Aim The aim of the expedition was to introduce a number of our senior cadets to Nordic ski-touring with the view to completing a challenging 65 km 5 day, fully equipped ski-borne expedition, using DNT mountain huts and snow holes.
Location The Hardangervidda is a vast mountain plateau (“vidda”) which is located in South West Norway. It is the largest such plateau in Europe, covering an area of around 2,500 square miles at an average height of 3,500 feet. The highest point is the top of the Hardangerjokulen Glacier, which reaches a height of 6,112 feet. At this time of the year the whole area is covered in snow and ice, periodically rock formations break up the undulating canopy of whiteness.
Sunday 25 to Tuesday 27 Mar Over the first three days we focused on improving our skiing technique and learning the required skills. In the afternoons we went on short tours around Finse.
Wednesday 28 Mar This was to be the first day of a four day expedition but because of gale force winds it was decide to delay the expedition by a day. In the morning we went out for a couple of hours to revise skiing techniques, in the afternoon we went on a short tour around Finse.
Thursday 29 Mar The weather had not improved and the wind was still blowing at gale force with much spindrift and poor visibility. We again delayed setting off on the expedition and instead did some revision of ski techniques in the morning. In the afternoon we went on a tour of the Finse bowl (10km) carrying nearly full packs.
Friday 30 Mar At 9.30 we set out on the first and longest day of a three day expedition. The first day was a 16km ski to Getierygg Hytta to the north of Finse. Progress up hill was slow due to the lack of grip and we had to do a considerable amount of very tiring side stepping and traversing to get up the steepest slopes. Down hill slopes were equally challenging and all team members fell frequently because of the snow and weather conditions. We reached Geiterygg Hytta an hour later than predicted at around 1630. All team members were hungry and tired but had very much enjoyed the day and had worked very well indeed.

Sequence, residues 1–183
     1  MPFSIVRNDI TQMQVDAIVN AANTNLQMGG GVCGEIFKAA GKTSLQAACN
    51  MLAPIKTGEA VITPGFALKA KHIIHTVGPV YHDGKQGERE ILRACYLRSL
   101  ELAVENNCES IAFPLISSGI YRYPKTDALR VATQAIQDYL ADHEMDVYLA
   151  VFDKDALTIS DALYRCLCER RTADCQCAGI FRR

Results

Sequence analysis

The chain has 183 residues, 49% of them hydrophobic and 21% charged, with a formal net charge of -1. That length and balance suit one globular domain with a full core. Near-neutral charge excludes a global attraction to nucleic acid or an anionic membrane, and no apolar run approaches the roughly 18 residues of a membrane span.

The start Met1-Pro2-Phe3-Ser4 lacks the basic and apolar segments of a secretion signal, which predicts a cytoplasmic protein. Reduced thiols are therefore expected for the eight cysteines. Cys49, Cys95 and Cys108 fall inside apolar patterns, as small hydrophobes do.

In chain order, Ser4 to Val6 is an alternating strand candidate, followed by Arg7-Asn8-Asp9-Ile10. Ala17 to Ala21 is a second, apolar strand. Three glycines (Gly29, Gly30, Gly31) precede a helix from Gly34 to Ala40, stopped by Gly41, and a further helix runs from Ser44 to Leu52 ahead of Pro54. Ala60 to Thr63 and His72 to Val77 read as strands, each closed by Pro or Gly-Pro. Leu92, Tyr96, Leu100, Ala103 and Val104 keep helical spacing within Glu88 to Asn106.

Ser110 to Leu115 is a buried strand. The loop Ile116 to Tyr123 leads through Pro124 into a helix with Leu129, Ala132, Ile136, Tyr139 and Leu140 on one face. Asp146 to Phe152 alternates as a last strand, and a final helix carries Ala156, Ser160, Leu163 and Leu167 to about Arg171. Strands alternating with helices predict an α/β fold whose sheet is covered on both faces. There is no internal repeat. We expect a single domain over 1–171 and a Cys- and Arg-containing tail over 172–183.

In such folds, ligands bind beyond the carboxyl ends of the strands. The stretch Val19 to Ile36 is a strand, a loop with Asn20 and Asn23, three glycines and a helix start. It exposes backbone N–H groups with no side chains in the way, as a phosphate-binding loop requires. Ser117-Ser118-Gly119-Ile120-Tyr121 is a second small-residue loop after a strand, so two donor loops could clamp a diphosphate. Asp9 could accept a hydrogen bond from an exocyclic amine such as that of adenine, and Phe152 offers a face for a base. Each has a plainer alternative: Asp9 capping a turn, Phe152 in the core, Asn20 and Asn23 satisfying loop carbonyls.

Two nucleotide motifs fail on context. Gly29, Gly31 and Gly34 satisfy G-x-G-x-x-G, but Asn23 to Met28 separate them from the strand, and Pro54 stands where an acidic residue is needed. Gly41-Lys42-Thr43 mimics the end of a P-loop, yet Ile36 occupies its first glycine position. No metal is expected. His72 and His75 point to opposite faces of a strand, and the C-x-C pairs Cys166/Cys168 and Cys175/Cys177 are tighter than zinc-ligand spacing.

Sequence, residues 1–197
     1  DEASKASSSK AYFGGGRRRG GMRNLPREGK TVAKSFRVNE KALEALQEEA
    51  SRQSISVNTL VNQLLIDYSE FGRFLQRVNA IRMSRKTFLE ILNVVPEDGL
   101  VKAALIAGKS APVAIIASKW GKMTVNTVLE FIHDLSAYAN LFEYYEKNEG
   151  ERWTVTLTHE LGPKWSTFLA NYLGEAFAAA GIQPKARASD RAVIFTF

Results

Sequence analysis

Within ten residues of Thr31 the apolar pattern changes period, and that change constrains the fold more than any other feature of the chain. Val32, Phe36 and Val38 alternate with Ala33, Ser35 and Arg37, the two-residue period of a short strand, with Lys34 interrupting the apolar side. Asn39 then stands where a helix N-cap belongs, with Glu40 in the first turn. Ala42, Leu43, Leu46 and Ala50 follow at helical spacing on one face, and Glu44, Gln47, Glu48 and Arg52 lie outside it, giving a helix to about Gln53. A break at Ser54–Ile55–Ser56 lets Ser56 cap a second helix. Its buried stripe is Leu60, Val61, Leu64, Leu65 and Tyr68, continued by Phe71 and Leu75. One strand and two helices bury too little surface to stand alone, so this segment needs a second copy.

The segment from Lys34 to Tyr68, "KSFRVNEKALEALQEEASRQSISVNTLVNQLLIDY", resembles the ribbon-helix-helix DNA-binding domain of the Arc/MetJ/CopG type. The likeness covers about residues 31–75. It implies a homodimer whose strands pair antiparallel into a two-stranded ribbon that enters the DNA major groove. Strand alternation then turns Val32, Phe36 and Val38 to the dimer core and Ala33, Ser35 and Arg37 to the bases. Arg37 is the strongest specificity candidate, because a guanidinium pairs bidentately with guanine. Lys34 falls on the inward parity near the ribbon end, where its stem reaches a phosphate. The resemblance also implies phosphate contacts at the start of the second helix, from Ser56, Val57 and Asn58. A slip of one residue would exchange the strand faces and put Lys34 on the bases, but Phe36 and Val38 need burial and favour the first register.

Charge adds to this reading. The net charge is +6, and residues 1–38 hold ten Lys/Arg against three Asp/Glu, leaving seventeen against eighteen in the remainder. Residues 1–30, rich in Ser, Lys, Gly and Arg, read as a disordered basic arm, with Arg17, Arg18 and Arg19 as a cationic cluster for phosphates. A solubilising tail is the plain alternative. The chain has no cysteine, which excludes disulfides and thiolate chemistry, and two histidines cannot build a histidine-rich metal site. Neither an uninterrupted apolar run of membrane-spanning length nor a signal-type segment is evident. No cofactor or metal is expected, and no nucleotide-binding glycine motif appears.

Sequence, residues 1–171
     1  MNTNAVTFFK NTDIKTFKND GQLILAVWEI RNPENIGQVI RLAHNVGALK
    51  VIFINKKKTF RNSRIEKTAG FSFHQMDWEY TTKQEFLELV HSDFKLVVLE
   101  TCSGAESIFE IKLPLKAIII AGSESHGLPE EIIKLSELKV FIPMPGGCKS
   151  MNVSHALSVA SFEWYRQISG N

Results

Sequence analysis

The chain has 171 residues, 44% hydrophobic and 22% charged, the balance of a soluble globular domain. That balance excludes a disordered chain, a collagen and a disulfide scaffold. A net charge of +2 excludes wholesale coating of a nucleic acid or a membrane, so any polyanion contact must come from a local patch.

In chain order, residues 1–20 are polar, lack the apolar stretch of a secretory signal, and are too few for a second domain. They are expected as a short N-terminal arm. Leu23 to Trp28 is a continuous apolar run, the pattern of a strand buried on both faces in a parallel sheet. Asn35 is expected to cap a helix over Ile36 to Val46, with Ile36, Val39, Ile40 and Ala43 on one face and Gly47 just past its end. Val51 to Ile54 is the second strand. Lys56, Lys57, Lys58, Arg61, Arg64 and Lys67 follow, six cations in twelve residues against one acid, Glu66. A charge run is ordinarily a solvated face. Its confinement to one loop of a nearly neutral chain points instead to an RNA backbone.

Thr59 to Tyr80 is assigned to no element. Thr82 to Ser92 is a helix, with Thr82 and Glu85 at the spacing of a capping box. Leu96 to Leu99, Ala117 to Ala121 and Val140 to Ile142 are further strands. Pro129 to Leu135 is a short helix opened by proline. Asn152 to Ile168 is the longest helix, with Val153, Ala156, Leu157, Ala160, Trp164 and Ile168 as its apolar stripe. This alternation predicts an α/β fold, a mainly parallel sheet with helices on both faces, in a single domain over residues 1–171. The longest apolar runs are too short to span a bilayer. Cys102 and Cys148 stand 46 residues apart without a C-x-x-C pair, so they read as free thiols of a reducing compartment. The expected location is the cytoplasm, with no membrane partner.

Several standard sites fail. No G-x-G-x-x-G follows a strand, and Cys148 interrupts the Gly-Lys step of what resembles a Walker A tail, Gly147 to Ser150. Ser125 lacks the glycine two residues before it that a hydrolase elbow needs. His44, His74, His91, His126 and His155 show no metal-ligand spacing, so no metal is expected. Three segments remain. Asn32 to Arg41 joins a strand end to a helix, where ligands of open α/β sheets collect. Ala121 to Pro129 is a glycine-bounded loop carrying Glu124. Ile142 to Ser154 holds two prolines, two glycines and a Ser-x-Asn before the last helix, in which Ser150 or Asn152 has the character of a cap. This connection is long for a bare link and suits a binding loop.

Saturday 31 Mar The weather had improved so we set off back towards Finse by another route to the east. The snow conditions were still very poor but because of the improved weather we made excellent progress. By 1600 we had skied 15km and were only 6km from Finse. Working in two man teams it took only two and a half hours to build a large seven man snow hole. When it was finshed we got into our sleeping bags, cooked our rations and settled down to sleep. It had been an excellent day and all were in good spirits.
Sunday 1 April We woke at around 0800 and it soon became apparent that the sides and roof of the snow hole had sagged considerably during the night. We decided that it would be best to get out as soon as possible. On digging out of the snow hole we found that the weather had deteriorated dramatically, it was extremely windy with very heavy snow and visibility of only a few meters. We carefully followed the sticked route and were back in Finse within three hours. The journey was mainly downhill and at various stages we could see Finse which was an instant lift for morale. All felt an enormous sense of achievement and there were congratulations all round. It was then a matter of getting our kit dried out, having a 20 Kroner shower and finally a collective meal together.
Monday 2 April At 0300 we made our way across the frozen lake to the train station at Finse and from there to Bergen and then home. The return journey went very smoothly and we were back in Shrewsbury by 1600hrs.
Conclusion All the cadets agreed that it was the best trip that they had ever been on and would certainly go back given the opportunity. All cadets had shown excellent levels of fitness and mental strength. As a whole the team worked very well and all helped to make the trip such a success.
Lt William Simper
Please pass on our very grateful thanks to the Trustees for the support for this expedition. It was a great success and some cadets gained a huge amount from this particular adventure training experience.